Will you live to be 100? I am on the fence about wanting to live that long, unless I can be pretty sure I’ll be relatively healthy for the duration. Health span and longevity are the golden tickets in aging research, according to a panel convened recently at the Milken Institute Global Conference.
Moderated by Francis Collins, director of the National Institutes of Health, the panel—made up of luminaries in geroscience research—gave the audience updates on recent promising studies. Among the most interesting—and slightly scary—research that is giving them reason to think that extending not only lifespan but also health span is within reach—and within a reasonable timeframe. It may not happen in the near future, but is definitely on the horizon.
From telomeres and mitochondria to senescent cells, mouse and primate studies have shown that umbilical cord blood extended the lives of mice, while Metformin, a diabetes drug that’s been around for a decades, has been shown to prevent the onset of diabetes and cardiovascular disease, among other things.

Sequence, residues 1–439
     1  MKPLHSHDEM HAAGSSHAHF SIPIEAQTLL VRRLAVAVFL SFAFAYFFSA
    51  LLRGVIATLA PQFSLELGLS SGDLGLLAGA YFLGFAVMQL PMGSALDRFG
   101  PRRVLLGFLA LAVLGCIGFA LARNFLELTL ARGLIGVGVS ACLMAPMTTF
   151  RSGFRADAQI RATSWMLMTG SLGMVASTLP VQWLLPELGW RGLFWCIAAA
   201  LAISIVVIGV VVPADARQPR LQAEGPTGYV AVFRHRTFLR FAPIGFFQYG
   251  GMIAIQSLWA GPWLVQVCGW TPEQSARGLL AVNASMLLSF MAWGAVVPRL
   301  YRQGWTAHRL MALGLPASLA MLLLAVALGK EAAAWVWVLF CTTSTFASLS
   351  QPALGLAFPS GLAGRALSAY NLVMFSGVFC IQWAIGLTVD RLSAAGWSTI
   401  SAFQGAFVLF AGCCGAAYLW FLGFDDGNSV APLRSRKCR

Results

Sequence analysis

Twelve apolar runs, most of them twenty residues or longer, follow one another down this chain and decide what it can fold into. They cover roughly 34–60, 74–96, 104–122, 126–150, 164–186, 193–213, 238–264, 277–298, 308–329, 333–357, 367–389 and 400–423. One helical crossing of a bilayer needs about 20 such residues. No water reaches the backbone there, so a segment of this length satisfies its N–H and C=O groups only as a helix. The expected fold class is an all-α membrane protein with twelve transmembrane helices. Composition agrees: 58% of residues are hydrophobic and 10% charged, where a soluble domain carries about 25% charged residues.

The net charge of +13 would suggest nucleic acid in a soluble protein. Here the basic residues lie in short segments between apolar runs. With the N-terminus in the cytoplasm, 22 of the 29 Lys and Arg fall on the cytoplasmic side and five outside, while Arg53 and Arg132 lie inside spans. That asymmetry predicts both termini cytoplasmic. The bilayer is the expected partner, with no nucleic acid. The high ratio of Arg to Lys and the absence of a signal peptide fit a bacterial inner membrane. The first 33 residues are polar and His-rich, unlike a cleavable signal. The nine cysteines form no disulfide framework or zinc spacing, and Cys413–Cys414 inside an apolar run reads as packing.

According to Elizabeth Blackburn, Nobel Laureate and president of the Salk Institute, targeting and minimizing the “big killers of humanity” (the diseases that often come with aging) is the key to extending health span. “The conditions we die of, we really care about those, because these affect our health span,” she said.
The National Academy of Medicine is so committed to finding the key to extending the health span it has created an initiative around it. According to the group’s website, the Longevity Grand Challenge is aimed at inspiring and incubating “transformative ideas through challenge prizes and awards, expert guidance, a roadmap for policymakers and public engagement.”
So how does all this relate to aging services? There are obvious correlations, such as how much longer such breakthroughs will extend human lifespan and its impact on health care systems and housing, of course. It is worth noting, however, according to one scientist, when the time comes, humans will likely get about two additional years out of it. That century-long lifespan may still be reserved for those with the right genetics but the science and research seems to be inching closer to it.
While there are some very interesting discoveries that point to “hacking the aging code,” the panelists also made note of the fact that good old-fashioned exercise, diet, and genetics still play a large role in human longevity.
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